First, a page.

3. Vidal A, Wachter C, Kohl Schwartz A, Dhakal C. A rare presentation of isolated right-sided pleural effusion in the context of ovarian hyperstimulation syndrome: A case report. Case Rep womens Health. 2021;32:e00347.
  4. Jayaprakasan K, Chan Y, Islam R, Haoula Z, Hopkisson J, Coomarasamy A, et al. Prediction of in vitro fertilization outcome at different antral follicle count thresholds in a prospective cohort of 1,012 women. Fertil Steril. 012;98(3):657-63.doi: 10.1016/j.fertnstert.2012.05.042.
  5. Mathur RS, Tan BK. British Fertility Society Policy and Practice Committee: prevention of ovarian hyperstimulation syndrome. Hum Fertil (Camb). 2014;17(4):257-68. doi: 10.3109/14647273.2014.961745.
  6. Yanushpolsky EH. Luteal phase support in in vitro fertilization. Semin Reprod Med. 2015;33(2):118-27. doi: 10.1055/s-0035-1545363.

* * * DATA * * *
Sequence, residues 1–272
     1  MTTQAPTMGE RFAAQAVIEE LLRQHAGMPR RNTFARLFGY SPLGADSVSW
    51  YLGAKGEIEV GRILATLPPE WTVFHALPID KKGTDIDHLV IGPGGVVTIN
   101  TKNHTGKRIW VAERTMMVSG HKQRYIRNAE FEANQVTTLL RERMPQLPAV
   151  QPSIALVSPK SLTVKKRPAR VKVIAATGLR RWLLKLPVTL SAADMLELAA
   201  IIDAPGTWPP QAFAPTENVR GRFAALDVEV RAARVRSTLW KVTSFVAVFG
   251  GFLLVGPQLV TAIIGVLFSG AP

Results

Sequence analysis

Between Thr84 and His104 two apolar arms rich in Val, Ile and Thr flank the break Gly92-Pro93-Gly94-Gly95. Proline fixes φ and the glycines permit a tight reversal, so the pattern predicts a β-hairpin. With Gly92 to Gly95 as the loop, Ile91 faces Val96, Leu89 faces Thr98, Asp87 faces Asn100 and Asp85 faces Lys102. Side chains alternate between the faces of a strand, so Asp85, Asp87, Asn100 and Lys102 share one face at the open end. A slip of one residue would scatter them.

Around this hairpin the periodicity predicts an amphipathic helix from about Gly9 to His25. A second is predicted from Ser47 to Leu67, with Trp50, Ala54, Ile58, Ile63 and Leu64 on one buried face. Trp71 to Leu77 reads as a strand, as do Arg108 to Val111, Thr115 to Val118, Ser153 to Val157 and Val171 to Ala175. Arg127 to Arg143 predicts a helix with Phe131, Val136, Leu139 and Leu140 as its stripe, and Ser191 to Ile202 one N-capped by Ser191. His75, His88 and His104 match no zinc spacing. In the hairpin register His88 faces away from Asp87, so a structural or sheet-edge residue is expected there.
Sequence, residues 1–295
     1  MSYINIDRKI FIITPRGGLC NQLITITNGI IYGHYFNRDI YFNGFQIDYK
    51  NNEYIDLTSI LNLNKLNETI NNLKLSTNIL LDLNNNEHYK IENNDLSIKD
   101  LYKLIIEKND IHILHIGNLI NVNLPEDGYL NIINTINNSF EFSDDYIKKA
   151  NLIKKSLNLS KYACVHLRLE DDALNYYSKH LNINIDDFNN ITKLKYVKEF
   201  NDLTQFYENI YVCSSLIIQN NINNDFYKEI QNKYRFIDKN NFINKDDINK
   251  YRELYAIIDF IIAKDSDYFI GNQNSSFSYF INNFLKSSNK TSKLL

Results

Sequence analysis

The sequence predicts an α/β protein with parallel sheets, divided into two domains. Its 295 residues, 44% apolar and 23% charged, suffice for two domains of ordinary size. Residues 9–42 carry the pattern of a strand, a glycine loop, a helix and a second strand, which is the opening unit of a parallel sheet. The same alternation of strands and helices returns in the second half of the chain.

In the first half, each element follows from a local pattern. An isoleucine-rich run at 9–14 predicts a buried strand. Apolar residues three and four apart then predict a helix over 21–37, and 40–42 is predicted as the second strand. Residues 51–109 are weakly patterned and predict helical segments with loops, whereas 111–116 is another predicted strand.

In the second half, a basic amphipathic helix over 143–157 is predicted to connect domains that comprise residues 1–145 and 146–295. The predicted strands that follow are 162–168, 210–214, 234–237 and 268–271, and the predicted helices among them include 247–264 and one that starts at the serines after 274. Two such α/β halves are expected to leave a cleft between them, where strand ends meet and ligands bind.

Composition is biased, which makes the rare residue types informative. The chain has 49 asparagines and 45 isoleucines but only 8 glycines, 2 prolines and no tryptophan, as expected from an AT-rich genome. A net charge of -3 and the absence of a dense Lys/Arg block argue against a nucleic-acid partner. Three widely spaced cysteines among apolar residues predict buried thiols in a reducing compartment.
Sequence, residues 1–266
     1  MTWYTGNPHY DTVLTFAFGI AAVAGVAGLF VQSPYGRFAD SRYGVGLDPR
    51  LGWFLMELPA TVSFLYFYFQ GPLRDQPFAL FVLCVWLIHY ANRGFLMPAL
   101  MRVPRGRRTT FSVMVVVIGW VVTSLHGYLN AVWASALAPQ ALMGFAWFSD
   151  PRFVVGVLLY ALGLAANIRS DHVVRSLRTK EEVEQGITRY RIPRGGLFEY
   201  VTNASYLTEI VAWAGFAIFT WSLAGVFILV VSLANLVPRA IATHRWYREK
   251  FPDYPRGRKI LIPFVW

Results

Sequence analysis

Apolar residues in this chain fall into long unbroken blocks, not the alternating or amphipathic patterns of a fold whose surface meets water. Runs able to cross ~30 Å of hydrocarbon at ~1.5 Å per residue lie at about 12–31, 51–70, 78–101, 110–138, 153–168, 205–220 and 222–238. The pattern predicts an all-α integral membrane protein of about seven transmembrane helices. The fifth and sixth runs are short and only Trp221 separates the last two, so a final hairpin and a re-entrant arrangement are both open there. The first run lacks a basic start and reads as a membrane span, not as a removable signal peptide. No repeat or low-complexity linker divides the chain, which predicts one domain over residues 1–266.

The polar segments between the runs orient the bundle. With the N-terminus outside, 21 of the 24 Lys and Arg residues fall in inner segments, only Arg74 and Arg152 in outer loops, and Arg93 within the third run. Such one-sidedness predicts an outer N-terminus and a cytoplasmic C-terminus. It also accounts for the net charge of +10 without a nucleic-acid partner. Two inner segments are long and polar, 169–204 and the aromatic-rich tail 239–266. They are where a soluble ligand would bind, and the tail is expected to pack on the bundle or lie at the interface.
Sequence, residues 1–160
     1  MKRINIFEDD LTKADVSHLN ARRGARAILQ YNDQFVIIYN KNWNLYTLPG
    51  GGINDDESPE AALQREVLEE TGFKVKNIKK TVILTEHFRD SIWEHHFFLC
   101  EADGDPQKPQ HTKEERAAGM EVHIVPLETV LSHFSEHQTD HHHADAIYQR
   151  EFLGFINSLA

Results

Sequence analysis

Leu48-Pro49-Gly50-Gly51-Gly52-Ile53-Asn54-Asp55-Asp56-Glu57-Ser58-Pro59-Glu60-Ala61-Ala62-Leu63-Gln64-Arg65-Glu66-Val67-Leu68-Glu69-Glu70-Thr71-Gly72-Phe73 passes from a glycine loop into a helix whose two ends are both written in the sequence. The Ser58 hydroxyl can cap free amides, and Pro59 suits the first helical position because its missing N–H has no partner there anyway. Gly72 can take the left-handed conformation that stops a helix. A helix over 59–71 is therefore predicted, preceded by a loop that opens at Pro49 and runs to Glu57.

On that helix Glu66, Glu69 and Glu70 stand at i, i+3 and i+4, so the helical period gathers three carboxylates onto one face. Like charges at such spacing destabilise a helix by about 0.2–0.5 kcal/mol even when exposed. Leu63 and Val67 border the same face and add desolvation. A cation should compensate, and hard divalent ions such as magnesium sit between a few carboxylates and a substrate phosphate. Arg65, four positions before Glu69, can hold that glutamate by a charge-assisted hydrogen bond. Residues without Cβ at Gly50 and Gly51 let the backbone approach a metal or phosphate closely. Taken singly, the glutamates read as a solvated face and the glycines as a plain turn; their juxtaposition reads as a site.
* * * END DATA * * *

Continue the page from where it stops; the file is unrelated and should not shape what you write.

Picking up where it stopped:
7. Mai Q, Hu X, Yang G, Luo Y, Huang K, Yuan Y, et al. Effect of letrozole on moderate and severe early-onset ovarian hyperstimulation syndrome in high-risk women: a prospective randomized trial. Am J Obstet Gynecol. 2017;216(1):42.e1-e10. doi: 10.1016/j.ajog.2016.08.018.
  8. Lee VC, Ledger W. Aromatase inhibitors for ovulation induction and ovarian stimulation. Clin Endocrinol (Oxf). 2011;74(5):537-46. doi: 10.1111/j.1365-2265.2011.04006.x
  9. Chen Y, Yang T, Hao C, Zhao J. A Retrospective Study of Letrozole Treatment Prior to Human Chorionic Gonadotropin in Women with Polycyst1ic Ovary Syndrome Undergoing In Vitro Fertilization at Risk of Ovarian Hyperstimulation Syndrome. Med Sci Monit. 2018;24:4248-53. doi: 10.12659/MSM.910743.
  10. Di Guardo F, Lello C, Incognito GG, Bruno MT, Palumbo M. Letrozole and Ovarian Hyperstimulation Syndrome (OHSS): A Promising Prevention Strategy. J Clin Med. 2023;12(2). doi: 10.3390/jcm12020614.
  11. Gulisano M, Gulino FA, Incognito GG, Cimino M, Dilisi V, Stefano AD, et al. Role of Hysteroscopy on Infertility: The Eternal Dilemma. CEOG. 2023;50(5). doi: 10.31083/j.ceog5005099.